Giffgaff. The people powered launch
I’ve been keeping an eye on a new O2 company called Giffgaff for a few weeks. Then, out of the blue, I received an email a few days ago from a lovely chap at Splendid Comms telling me about one of their clients called GiffGaff.
“Welcome to the launch day of the UK’s newest brightest mobile network, backed by parent company O2, giffgaff and you’ve guessed it we’re unveiling our social media campaign to spread the people-powered love with our zany range of tools!”
Anyhow, have a gander at what giffgaff is here…
Here’s the blurb;
Defining a new mobile network business model, giffgaff, an online only business, is the first of its kind. It taps into existing online behaviour where people get involved by creating content, suggesting new ideas or product innovation and supporting each other with queries on forums or blogs, on behalf of the brands they use.
Operating as an independent company, virtual network operator giffgaff will deliver its service using the network of parent company O2.
giffgaff, which means ‘to give and receive’, will operate with a low cost base, without the overheads of high street stores, handset subsidies and running large call centres. It offers a simple SIM only tariff and a range of online tools to allow members to self-serve and suggest answers to each other’s questions in online user groups. As well as that, members will be rewarded for things like referring giffgaff to a friend or relative, creating user-generated marketing, or voting on business decisions. The more that members get involved the greater the reward and they will be able to get up to 100 per cent of top-ups back.
giffgaff members have a choice of what to do with their rebate; they can use it for mobile calls and texts, take the cash, or donate it to their preferred charity or fundraising group.
The giffgaff people-powered business model has been made possible by the growing trend in online participation. The statistics show 40 per cent of 16-34 year olds comment on blogs at least monthly, 28 per cent contribute to forums and 64 per cent of active internet users have created and managed a social network profile.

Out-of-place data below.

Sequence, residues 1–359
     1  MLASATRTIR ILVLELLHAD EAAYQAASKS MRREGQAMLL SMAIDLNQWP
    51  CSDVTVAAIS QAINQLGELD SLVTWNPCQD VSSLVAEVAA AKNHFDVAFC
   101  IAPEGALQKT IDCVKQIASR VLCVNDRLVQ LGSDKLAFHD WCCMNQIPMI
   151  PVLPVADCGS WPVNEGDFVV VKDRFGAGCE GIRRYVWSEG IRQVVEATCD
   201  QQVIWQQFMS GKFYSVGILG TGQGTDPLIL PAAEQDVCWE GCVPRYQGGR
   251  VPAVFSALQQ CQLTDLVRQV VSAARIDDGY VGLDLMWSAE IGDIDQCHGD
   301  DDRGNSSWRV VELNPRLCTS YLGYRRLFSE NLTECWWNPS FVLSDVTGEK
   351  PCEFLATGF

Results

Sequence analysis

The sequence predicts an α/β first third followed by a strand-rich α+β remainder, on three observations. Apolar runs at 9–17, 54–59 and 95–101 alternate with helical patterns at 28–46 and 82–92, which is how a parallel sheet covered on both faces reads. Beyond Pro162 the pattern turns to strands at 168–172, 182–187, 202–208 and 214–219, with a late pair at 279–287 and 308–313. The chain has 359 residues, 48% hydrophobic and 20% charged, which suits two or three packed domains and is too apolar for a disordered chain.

The launch marketing campaign will have a digital and viral focus, hinged around an engaging people-powered concept.
The email I received was specifically around their launch last week. Here’s another video on their campaign called ‘tool hire’;
Essentially they’ve got a load of items or ‘tools’ which would help people create stunts which they then want people to film and publicise throughout their networks.
It’s pretty smart and tonally it’s nice too. They’ve got some fun ‘tools’ ranging from gimp outfits to ‘the musicle’ to the ‘human hand dryer’. You can take a look at all the videos explaining each tool here.
Now, what else is pretty smart, is their targeting. This is (supposedly) a marketing blog . As such, Splendid will have this site in an excel spreadsheet that probably has the tab name ‘PR/marketing’ at the bottom. They realise that I may or may not particpate in the actual tool hire launch, but there is a pretty good chance I’m at least going to write about the launch because the whole business strategy has resonance within my field of interest. I’m also a pretty good bet for then going to go on and create a video with one of the tools; I mean I’m already narcissistic enough to maintain a blog, so approaching people who are already creating content for the web seems like a better bet than those who are not.